Underemployment in South Africa

23 February 2016
Publication Type: Policy Brief

When reference is made to the South African labour market it is often described as being inflexible, characterised by the shortage of skilled labour and over-supply of semi-skilled and unskilled labour. Other structural issues also bring to mind the mismatch of skills possessed by the labour force in relation to skills required by the economy. As a result, for many years, South African economic policy has been centred on the reduction of unemployment. Despite this, one of the major socio-economic issues South Africa is still grappling with to date remains the persistently high level of unemployment (5.5 million of the labour force were unemployed, while unemployment rate was 26.3% in the first quarter of 2015).

Nonetheless, simply making distinctions between the employed and unemployed is no longer adequate with regard to labour market analysis, as the labour market itself has grown in complexity. Little attention is paid to the extent to which people occupy jobs in terms of hours and the way in which it utilises their skills and qualifications. The capacity of the labour force is therefore often disregarded.

With the introduction of the Quarterly Labour Force Survey (QLFS) since 2008, two new variables were derived by Statistics South Africa (Stats SA). One of them is the underemployment variable, which for further investigation into the nature of employment in South Africa.

Types of underemployment

This study examines underemployment according to two definitions referred to as the (a) time-based approach and (b) the inadequate employment situations approach. In the former approach, underemployed stand for a worker who is willing and available to work additional hours, only actually worked fewer than 35 hours during the reference week, and could work extra hours within the next four weeks; in the latter approach, underemployed represent an employed whose the years of education is at least one standard deviation above the mean of the employed in the relevant occupation category.

Key Findings

(1) Number of underemployed

According to the time-based approach, it was found that the under-employed accounts for 4-5% of all employed since 2008. In absolute terms, the number of underemployed fluctuated between 520 000 and 700 000 in 2008-2014. It is not possible to derive underemployed under the time-based approach before 2008.

Under the inadequate employment situations approach, the number of underemployed ranged between 970 000 and 1 840 000 during the period under study (1995-2014). These underemployed as a share of the all employed fluctuated between 6% and 15% of employed.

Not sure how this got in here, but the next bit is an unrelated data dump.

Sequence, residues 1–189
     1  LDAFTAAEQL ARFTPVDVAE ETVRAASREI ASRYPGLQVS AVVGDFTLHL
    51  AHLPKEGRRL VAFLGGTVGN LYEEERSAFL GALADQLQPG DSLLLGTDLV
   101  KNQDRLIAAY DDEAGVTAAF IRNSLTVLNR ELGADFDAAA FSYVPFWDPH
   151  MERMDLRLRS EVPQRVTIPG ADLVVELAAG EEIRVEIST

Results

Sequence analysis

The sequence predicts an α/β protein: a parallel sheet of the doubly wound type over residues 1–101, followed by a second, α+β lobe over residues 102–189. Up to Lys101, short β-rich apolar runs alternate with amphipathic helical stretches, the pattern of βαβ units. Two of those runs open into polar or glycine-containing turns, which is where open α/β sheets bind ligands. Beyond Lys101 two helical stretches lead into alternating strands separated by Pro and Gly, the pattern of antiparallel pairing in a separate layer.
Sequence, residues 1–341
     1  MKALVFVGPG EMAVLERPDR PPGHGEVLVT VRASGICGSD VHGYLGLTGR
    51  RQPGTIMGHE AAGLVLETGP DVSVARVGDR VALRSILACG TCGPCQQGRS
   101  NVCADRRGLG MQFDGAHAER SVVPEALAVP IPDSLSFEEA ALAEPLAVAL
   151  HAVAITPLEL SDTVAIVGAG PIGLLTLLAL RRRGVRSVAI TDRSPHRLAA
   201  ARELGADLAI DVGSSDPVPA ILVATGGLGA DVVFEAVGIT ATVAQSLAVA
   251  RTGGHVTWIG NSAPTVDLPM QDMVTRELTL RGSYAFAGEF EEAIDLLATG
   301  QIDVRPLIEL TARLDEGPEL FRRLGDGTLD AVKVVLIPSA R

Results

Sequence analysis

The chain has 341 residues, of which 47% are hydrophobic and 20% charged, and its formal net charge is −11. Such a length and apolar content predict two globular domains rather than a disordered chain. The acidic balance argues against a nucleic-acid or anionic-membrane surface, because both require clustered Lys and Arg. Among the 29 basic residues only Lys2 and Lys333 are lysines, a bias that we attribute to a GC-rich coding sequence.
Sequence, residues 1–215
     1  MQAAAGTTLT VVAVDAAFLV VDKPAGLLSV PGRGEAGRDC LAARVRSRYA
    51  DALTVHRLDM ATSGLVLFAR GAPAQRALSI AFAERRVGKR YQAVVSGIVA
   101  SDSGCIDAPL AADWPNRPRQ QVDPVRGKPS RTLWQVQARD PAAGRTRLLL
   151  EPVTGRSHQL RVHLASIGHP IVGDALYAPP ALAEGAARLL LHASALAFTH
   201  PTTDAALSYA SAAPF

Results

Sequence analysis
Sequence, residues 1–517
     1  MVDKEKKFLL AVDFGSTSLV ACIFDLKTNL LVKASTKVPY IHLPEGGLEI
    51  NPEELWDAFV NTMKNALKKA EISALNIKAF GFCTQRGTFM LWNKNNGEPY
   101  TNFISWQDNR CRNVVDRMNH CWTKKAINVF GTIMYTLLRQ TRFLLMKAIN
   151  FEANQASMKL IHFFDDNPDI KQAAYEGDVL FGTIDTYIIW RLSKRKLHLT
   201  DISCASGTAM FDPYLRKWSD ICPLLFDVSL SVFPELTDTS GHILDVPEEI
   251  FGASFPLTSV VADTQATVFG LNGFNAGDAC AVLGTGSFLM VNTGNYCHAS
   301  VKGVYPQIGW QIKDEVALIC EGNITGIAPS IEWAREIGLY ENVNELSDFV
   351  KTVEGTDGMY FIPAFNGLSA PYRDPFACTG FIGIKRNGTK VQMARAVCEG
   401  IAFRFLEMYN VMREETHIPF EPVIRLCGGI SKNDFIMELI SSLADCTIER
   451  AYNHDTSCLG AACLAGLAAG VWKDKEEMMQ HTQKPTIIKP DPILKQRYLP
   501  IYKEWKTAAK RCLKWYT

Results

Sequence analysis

(2) Profile of underemployed

In terms of race, underemployment is found to be more prevalent among the black population when compared to the other race groups for both approaches of underemployment. With regard to gender, females are more likely to be underemployed in both approaches. Furthermore, urban formal dwellers, those who obtained a secondary education, working as domestic workers or elementary workers as the main occupation, in the manufacturing, wholesale and retail, transport and private household industries, and in the informal sector are more likely to be underemployed.

Policy Implications

The over-qualification approach to measuring underemployment as seen in the paper, in particular highlights the prevalence of structural underemployment within the South African labour market. Labour market policies aiming at job creation should look beyond focusing on the number of jobs created per year and rather focus on the quality of jobs being created. In other words, the focus should shift to the sources of job growth and the actual types of jobs being created in accordance to the needs of the economy versus the supply of skills the labour force are able to offer.

Moreover, as the results indicate the prevalence of underemployment amongst blacks, females and those individuals occupying jobs in certain industries, a proper analysis of the profile of the underemployed should be conducted to provide deeper insight and can inform policy makers. Furthermore guidance should be given to individuals when choosing particular fields of study to meet the requirements of the economy.

Finally, unemployment and underemployment could both be strongly associated with the business cycle as the demand and supply of labour fluctuate accordingly. Short-run policy which focuses on stimulating labour demand during depressed periods may only result in employment of a temporary nature, associated with short tenure, non-permanent employment contracts and even low earnings. In other words, underemployment could still lead to poverty to some extent.

Series title: Research Brief 55
1 February 2016
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